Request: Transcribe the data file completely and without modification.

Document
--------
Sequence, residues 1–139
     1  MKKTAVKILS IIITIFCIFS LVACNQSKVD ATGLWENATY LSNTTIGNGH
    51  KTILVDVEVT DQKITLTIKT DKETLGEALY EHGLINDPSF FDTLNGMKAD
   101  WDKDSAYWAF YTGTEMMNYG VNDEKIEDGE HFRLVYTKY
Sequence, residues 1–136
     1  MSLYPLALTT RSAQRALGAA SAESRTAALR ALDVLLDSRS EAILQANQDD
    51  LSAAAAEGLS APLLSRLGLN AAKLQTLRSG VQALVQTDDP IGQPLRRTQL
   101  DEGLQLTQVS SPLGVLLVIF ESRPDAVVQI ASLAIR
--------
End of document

Sequence, residues 1–139
     1  MKKTAVKILS IIITIFCIFS LVACNQSKVD ATGLWENATY LSNTTIGNGH
    51  KTILVDVEVT DQKITLTIKT DKETLGEALY EHGLINDPSF FDTLNGMKAD
   101  WDKDSAYWAF YTGTEMMNYG VNDEKIEDGE HFRLVYTKY
Sequence, residues 1–136
     1  MSLYPLALTT RSAQRALGAA SAESRTAALR ALDVLLDSRS EAILQANQDD
    51  LSAAAAEGLS APLLSRLGLN AAKLQTLRSG VQALVQTDDP IGQPLRRTQL
   101  DEGLQLTQVS SPLGVLLVIF ESRPDAVVQI ASLAIR